“In Singapore, the government deposits small amounts of money into an account for each child born, Shanks said. That money can be withdrawn to cover costs such as extra tutoring for children or higher education for young adults. Or it can sit, earn interest and become the sort of nest egg or emergency fund the child’s future family may need. As a result, almost all families in Singapore–regardless of income–own their own homes.”
Yet in this country we act as if people with assets – homes, stocks, etc. – aren’t doing the same thing for their children and grandchildren. When you start life off with a nest egg, even a modest one, the monetary laws of compound interest make it so that the money grows, without you doing a single solitary thing to earn it – no bootstrapping necessary. But for poor black children? We act like their situation actually has something to do with their or their parents’ character, not with historical, systematic denial of the opportunity to build wealth according to race.
“Right now, 12 percent of white children live in poverty compared to 33 percent of Latino kids and 36 percent of black children.” And you think we live in a post-racial world?
On a related note, over at LIE there is an article about money and black babies and adoption. Black babies usually “cost less” in private adoptions because there are more of them than white babies and they are harder to place than white babies. They are harder to place because there are more white adoptive parents than black adoptive parents, and the norm is to match babies within the race. I say this is related to the post above because, as one commenter says, perhaps much of why there are more black babies is due to the poverty that many black mothers find themselves in when it is time to give birth. In any case, transracial adoption is on the rise, for even at “rates” as low as $4,000 for a black baby, compared to nearly $40,000 for a white baby, getting a black baby is a deal. White adoptive parents come to “prefer” a black baby once they realize how much better the black baby fits into their budget. But its a secondary consideration; the White adoptive parents “settle” for the black baby, only after having taken the price of the child into account. Fucked up, right?
There is a lot going on with cocoa mamas in the news every week, so I’ve decided to set aside Mondays to talk about a few of them. Here’s what’s up this week:
Apparently over a quarter of all women who have two or more children have these children with two or more men. For black women, this rate is 59%. And, according to the article, the trend is across demographics of income, education and marital status – even married women who work and are not poor have more than one father for their children. But what irks me about this title, and the rest of the article, is how mother-centric it is. It does take two people to make a child, does it? I mean, if this is true for women, mustn’t the same be true for men? Why isn’t the title “Many Parents Have Kids With Different Partners”?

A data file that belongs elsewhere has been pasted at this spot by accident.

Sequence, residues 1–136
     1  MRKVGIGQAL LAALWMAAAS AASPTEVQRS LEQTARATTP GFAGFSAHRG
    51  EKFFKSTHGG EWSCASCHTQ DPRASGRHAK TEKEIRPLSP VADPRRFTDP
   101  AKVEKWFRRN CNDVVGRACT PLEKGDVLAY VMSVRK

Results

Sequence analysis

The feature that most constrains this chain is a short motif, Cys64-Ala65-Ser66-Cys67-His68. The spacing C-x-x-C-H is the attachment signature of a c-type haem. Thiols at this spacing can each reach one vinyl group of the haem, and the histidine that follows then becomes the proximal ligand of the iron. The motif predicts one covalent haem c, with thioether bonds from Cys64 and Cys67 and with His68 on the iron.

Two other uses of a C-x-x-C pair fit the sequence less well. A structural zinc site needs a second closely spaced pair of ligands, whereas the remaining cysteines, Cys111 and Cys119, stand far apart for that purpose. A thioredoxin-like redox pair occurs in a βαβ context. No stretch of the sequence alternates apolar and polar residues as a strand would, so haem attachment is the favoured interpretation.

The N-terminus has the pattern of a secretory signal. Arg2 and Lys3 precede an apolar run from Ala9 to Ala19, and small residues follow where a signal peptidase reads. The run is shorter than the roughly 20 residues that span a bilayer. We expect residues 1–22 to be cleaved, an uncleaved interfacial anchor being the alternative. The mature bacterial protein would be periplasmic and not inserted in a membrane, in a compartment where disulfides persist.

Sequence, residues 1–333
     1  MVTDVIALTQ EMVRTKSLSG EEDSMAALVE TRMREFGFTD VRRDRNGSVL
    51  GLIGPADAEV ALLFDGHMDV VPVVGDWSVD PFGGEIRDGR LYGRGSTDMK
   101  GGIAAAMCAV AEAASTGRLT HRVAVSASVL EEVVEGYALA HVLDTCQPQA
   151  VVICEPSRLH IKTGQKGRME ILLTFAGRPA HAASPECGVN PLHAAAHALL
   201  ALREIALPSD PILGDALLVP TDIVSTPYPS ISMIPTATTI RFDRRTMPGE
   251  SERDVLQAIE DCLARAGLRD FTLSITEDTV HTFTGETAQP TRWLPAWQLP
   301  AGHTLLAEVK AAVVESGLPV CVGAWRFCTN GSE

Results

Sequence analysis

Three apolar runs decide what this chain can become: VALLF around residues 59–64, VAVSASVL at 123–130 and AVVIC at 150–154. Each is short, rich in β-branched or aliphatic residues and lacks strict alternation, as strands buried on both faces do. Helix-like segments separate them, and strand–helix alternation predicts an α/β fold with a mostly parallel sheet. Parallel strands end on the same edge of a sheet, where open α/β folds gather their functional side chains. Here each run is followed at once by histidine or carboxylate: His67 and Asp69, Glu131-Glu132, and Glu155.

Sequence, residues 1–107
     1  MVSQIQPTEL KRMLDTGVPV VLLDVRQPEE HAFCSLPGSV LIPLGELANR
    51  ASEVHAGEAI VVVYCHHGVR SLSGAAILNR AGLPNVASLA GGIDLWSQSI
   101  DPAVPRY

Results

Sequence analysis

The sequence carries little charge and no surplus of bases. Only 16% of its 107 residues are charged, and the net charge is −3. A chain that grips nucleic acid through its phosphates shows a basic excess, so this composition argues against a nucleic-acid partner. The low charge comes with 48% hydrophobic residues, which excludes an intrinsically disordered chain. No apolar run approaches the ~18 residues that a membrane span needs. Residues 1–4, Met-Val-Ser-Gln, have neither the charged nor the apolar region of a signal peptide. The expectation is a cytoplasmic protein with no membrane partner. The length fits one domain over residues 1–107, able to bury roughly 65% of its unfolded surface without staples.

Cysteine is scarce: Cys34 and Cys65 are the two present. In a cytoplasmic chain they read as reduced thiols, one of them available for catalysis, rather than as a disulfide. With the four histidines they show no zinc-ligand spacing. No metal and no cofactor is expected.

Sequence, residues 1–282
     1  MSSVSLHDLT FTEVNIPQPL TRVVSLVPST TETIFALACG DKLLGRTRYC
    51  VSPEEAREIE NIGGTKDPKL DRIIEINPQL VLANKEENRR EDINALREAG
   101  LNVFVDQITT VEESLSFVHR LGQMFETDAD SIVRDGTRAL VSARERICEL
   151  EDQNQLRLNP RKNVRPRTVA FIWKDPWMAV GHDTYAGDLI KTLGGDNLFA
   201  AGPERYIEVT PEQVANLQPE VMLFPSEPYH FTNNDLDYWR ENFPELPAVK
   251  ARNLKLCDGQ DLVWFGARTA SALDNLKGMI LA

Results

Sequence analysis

I’d never heard of Almean Lomax, and I think that’s a damn shame. This trailblazer was a journalist unlike any other, who is notable not just because she started a black newspaper of incredible importance to black folks in the 1940’s and 1950’s, but because she was unafraid to do what others would not.
“She was a terrific writer…the only one of all the black newspapers at the time who really was fearless about exposing things as they were. She didn’t soft-pedal anything,” said veteran civil rights lawyer Leo Branton Jr.
Not only was she fearless in her writing, she was fearless in her life. After her divorce in 1959, she moved her SIX kids – ages 4 – 16 – from L.A. to the deep South so she could cover the height of the Civil Rights Movement from the ground, much like war reporters do now. According to the article and her children she regretted it later, because of the trauma that such racism left on her kids. But I admire her willingness to get in the trenches, so to speak. Often I wonder about the impact we can make from the outside looking in. While we want to protect OUR children, are we losing something – being selfish even – by not being in physical solidarity with the most oppressed among us? Or is our selfishness justified, as long as we use our outsider status to the utmost in service of those in the war? What does that utmost look like?
I don’t read The Root on a regular basis, and this article* is an example of why. The article is about a report that supposedly debunks a myth that racial disproportionality in child abuse statistics are largely driven by racism or racial bias. The report is supposed to say that instead black parents are disproportionately more likely to be cited for child abuse because black parents are more likely to be poor.